A single caesium atom was positioned within laser beams that held the atom steady. The atom simultaneously functioned as a random walker and a coin. A random walk is an experiment plotting the motion of a particle that is dictated by the outcome of the state.
For instance, say a person flips a coin. For every heads outcome, the person takes a step right, and for every tails outcome, the person moves a step to the left. The experiment is performed 1000 times sequentially and the person’s final position is noted. The result of the experiment usually ends up with a typical bell curve graph, which signifies that the person never ventured very far from the start position.
Atoms can assume diverse quantum mechanical states, comparable to heads and tails of a coin. However it is slightly more complex at the microcosmic level because quantum particles can exist in a superposition of different states. The researchers at Bonn used laser beams to develop two conveyor belts which stretched the caesium atom in two different directions, the ‘heads’ part to the right and the ‘tails’ part to the left.
“This way we were able to move both states apart by fractions of a thousandth of a millimetre” – explained Dr. Artur Widera from the Bonn Institute of Applied Physics. Subsequently, the researchers ‘threw the dice once more’ and positioned the components into a superposition of heads and tails once again. By starting off with the ‘random walk’ experiment, the physicists at the University of Bonn have now found that the unique resultants found actually point to a new type of phenomenon called ‘quantum walk’.
For comparison the scientists destroyed the quantum mechanical superposition following each ‘throw of the coin’. By doing so, they turned the ‘quantum walk’ into a ‘random walk’. Professor Dieter Meschede, lead researcher on the study, has been driving the advancement of future quantum computers. Due to the ‘quantum walk’ finding, the team has now attained a further decisive accomplishment on this path. “With the effect we have demonstrated, entirely new algorithms can be implemented” – said Widera.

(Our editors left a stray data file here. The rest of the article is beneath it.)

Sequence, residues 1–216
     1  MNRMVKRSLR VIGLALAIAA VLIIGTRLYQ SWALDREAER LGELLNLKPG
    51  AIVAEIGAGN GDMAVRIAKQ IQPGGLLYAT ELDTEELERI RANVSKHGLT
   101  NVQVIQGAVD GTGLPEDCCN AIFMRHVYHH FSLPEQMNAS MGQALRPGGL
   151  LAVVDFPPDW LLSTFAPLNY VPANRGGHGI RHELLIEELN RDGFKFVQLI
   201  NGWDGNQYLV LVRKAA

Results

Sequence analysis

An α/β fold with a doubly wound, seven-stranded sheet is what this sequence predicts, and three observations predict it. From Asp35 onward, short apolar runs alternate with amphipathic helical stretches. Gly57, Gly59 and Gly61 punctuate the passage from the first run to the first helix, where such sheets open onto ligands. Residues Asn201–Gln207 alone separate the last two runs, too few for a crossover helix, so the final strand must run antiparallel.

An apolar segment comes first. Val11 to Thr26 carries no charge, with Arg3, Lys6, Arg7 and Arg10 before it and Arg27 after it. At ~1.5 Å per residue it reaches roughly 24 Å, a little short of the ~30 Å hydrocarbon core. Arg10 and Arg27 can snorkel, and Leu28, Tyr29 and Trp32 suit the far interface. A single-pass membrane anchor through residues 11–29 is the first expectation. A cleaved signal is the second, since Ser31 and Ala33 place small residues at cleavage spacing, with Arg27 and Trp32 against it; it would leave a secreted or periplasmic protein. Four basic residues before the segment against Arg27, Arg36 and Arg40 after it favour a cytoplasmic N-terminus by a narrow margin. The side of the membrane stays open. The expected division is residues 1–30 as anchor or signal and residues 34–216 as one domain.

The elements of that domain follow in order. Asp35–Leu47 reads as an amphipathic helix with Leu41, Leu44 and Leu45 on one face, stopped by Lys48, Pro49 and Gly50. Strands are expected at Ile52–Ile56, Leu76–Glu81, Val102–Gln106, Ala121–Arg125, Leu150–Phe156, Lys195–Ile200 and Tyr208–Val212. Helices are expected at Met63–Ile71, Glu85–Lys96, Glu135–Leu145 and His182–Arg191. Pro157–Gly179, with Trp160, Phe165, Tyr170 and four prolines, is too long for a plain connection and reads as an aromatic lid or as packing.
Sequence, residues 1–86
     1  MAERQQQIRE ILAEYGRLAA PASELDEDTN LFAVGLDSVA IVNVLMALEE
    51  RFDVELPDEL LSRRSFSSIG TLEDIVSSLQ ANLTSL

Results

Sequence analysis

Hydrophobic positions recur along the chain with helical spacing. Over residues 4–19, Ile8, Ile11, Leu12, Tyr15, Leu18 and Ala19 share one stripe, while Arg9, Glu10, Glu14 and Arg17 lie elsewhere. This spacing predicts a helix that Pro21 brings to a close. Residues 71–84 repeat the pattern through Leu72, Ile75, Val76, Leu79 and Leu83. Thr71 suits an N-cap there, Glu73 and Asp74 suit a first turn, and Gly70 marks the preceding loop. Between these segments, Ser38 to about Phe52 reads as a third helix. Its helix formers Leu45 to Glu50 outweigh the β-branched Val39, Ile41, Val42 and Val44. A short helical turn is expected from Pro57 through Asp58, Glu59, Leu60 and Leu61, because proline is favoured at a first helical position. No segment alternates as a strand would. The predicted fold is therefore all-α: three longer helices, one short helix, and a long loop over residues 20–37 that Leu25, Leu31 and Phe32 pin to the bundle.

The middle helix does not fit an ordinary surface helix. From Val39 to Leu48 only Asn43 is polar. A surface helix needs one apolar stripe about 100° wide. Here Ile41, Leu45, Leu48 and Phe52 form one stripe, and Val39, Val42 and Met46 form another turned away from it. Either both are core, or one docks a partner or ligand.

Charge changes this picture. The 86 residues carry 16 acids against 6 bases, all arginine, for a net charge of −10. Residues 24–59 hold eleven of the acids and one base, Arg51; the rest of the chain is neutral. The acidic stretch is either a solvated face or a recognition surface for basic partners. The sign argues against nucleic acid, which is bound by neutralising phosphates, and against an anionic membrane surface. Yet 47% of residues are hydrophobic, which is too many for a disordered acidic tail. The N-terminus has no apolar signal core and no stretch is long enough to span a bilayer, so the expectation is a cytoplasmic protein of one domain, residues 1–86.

Image caption: a) A single caesium atom is trapped in grid of light. The atom has two states, red and blue. It is put in a coherent superposition of these states. b) The light grid is dependent on the state of the atom. It can be visualised as a red and a blue grid where the red state of the atom only sees the red grid and the blue state of the atom only sees the blue grid. If both these grids are moved in different directions, the red part of the atom moves to the left, the blue part moves to the right. c) If both subgrids overlap again, the atom is spread over two grid sites, i.e. it is simultaneously located at the right and left. d) After each part of the atom has again been brought into a superposition of both states and the state-dependent shift has been carried out, the atom is delocalised over three grid sites, where two parts of the atom are now situated in the same grid site. At this grid site, both parts can mutually enhance or annihilate themselves, i.e. interference occurs.
TFOT has previously written about how an international team of researchers manipulated the quantum state of a single electron in a silicon transistor by placing the electron in two places at once. You are also welcome to check out our article about quantum cat’s ‘whiskers’ and the receptiveness of quantum entangled systems.
Additional information on the ‘random walk’ experiment can be obtained at University of Bonn’s website.
Icon image credit: T. Weitkamp, European Synchrotron Radiation Facility (ESRF), Grenoble, France.